More than half a century after watching The Beatles take America by storm on the Ed Sullivan Show, the music that Steven Van Zandt loved as a child in Boston, Massachusetts, is still shaping the music he makes today.
"I have some distance from it now," he says, "and you can absorb it in a way that's different to when you were a kid. Now you can go back and really analyse it and understand the elements that moved you. Then you can use those elements in your present day work. So, in a funny way, those early records that I loved so much are maybe even more relevant now."
The Four Seasons - Sherry
"Incredible record. One of three singles that I actually wore out, and I don't know how many times you have to play a vinyl single to wear out. 400 times? 500 times?
"Frankie Valli was one of the most incredible singers of all time, and they were embodying the entire doo-wop world."
Little Anthony & The Imperials - Tears On My Pillow
"I would go back and study the doo-wop world later, but initially it was Frankie Valli and Little Anthony and the Imperials' Tears On My Pillow, which really introduced me to that doo-wop world and all that wonderful harmony."
The Isley Brothers - Twist And Shout
"Twist and Shout by The Isley Brothers was another one that I wore out. This was the most incredible thing I ever heard, and I think it was the beginning of a certain Latino feeling that plays a big role in my life to this day.
"One of the elements of my music is that it has that Latino thing, whether it's Cuban or Puerto Rican or Caribbean. There's a Latino theme that runs through my work, and I think it came from that. It also came from Tequila, the instrumental by The Champs, and of course from La Bamba by Ritchie Valens.
The Shirelles - Will You Still Love Me Tomorrow
"So these are the four singles: Franki Valil's Sherry, Little Anthony & The Imperials' Tears On My Pillow, The Isley Brothers' Twist And Shout, and Will You Still Love Me Tomorrow by The Shirelles. They all came from that doo-wop world, ands they're all wonderful records."
The Beatles - Meet The Beatles
"The first album is Meet The Beatles, which we [American fans] thought was their first album, but it was actually the second album. But for us it was the first album, and it changed everything.
"Now we're moving into an area where I want to actually do it myself. I didn't want to be Frankie Valli or Curtis Lee or Little Anthony or the Isley Brothers. But the Beatles were a band, and it was the first time I'd ever seen a band. It had always been individuals or singing groups.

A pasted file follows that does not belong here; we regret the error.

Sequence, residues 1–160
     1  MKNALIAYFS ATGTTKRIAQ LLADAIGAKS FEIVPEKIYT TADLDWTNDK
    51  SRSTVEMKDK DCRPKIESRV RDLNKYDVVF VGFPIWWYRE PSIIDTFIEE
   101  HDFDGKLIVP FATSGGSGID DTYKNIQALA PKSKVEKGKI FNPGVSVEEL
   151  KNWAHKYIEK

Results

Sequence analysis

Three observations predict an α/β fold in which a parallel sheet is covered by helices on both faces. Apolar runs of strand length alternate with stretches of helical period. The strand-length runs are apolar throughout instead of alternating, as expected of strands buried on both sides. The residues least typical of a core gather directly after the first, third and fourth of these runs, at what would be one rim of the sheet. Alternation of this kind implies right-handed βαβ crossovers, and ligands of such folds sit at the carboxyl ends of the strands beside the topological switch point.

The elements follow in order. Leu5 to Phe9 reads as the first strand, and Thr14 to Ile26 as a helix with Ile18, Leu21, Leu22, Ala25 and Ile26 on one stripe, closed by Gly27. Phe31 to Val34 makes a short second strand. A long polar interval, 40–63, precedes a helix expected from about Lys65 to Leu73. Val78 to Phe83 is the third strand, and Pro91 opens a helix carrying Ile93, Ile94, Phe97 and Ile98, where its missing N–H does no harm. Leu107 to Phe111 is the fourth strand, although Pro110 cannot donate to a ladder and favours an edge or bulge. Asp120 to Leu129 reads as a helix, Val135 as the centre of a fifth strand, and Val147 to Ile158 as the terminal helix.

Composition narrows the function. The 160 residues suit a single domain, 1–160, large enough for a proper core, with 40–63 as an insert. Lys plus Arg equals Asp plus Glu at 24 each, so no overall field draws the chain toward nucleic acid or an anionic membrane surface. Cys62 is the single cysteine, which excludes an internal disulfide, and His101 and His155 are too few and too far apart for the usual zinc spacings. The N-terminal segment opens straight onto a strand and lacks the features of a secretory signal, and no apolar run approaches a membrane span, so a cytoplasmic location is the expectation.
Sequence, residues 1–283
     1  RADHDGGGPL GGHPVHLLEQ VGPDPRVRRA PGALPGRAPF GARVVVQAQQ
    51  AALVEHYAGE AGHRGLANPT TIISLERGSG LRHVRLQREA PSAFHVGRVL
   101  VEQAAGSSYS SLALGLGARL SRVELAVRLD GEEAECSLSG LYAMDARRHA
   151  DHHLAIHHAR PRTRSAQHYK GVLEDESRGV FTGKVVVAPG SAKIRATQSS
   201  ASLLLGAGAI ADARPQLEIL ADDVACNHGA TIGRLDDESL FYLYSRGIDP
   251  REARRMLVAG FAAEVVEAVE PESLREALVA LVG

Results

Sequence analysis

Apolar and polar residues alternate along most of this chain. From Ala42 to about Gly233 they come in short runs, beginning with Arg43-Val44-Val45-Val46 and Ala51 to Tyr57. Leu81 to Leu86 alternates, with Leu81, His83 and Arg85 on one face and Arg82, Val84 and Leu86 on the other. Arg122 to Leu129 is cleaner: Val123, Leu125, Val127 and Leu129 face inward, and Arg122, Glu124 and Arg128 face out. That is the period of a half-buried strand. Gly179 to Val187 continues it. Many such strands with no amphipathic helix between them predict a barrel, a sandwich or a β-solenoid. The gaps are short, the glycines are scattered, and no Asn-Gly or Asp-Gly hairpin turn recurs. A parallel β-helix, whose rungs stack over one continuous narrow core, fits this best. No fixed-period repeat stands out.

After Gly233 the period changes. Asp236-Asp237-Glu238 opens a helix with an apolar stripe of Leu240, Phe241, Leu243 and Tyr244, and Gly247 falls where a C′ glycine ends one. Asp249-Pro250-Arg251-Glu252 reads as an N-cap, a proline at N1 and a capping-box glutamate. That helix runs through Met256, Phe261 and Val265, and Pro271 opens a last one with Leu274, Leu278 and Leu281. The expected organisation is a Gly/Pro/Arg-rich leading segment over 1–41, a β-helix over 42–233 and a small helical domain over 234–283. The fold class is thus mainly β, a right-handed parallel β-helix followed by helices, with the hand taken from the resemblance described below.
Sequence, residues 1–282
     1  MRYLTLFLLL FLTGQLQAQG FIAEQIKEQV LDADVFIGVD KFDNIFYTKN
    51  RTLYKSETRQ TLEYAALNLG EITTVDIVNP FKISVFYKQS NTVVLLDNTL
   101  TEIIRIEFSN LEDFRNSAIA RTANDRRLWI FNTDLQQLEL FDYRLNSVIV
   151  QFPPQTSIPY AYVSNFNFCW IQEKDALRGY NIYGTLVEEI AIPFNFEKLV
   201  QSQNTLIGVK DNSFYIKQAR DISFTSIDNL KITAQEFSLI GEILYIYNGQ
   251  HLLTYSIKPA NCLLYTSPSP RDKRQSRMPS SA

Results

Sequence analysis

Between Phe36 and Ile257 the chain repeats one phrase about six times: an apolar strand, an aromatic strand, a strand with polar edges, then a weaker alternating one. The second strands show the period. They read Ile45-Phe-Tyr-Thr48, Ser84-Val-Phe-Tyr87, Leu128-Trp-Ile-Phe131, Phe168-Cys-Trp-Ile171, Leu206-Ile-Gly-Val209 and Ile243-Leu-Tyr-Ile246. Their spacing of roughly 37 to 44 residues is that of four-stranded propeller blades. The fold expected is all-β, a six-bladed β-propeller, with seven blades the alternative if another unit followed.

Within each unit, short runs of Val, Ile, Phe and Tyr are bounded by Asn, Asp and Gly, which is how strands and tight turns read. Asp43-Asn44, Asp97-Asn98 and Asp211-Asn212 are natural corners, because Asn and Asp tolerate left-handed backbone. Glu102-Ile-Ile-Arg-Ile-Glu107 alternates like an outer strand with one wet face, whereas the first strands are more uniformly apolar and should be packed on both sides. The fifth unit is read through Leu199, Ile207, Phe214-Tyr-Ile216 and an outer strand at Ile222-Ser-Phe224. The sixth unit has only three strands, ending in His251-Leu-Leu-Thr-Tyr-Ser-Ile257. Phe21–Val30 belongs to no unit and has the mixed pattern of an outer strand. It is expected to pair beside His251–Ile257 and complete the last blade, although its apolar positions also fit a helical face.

"The communication from a band which is a different communication. It's us. It's friendship. It's family. It's community. Suddenly I'm getting a different vibe."
The Rolling Stones - The Rolling Stones
"The Rolling Stones' first album really made me want to do it. The Beatles had revealed a new world to us, but we actually discovered them halfway through their career: they'd been going since 1957, and they'd be gone by 1969.
"So we discovered them in 1964, and they already were sophisticated. They were so good, and the harmony was so perfect, and the hair was different, and the clothes were perfect.
"They revealed a new world, but they didn't exactly invite you in, because they were so good you couldn't even fantasise about being a Beatle. But the Rolling Stones? They made it look a little bit more accessible. They made it look easier. They were the first punk band. They had that street thing. And that's when I thought, 'I want to do this for a living.'"
The Byrds - Mr Tambourine Man
"There were four or five bands that were part of the British Invasion that never actually invaded, including Ronnie Wood's band The Birds. But our version, The Byrds, were a very important group, as was their first album."
Bob Dylan - Highway 61 Revisited
"I discovered Bob Dylan as a rock'n' roll guy with Like A Rolling Stone, which was in the summer of 1965, the year America took back the charts after a year and a half of mostly British music in the charts. Later I would go back and study and learn about his folk years, but I wasn't interested in folk music at all at that time.
"Bob Dylan and The Byrds both hit in '65 and the entire folk rock movement closely followed, which was Lovin' Spoonful, The Turtles, Simon And Garfunkel, the Mamas And The Papas and all that. Suddenly the Americans started to to go back on the charts."
The Temptations - Greatest Hits
"To this day, if I had to choose one album that was the most extraordinary in terms of the craft, the arrangements, the production and the performances, it would be a greatest hits of The Temptations'. They were just a remarkable group."
Peter Gabriel - Biko
"I probably won't be remembered for anything, but if I am it'll be for the Sun City record. It didn't change my life, but it changed a lot of other peoples' lives for the better. We were very much part of the movement that brought down that South African government.
"Peter Gabriel's Biko was the first time I became aware of South Africa, and it led directly to Sun City, so that's the record that changed my life. It fit right into my political consciousness, and stimulated my interest in South Africa."
Little Steven & The Disciples Of Soul's Summer Of Sorcery is out now (opens in new tab).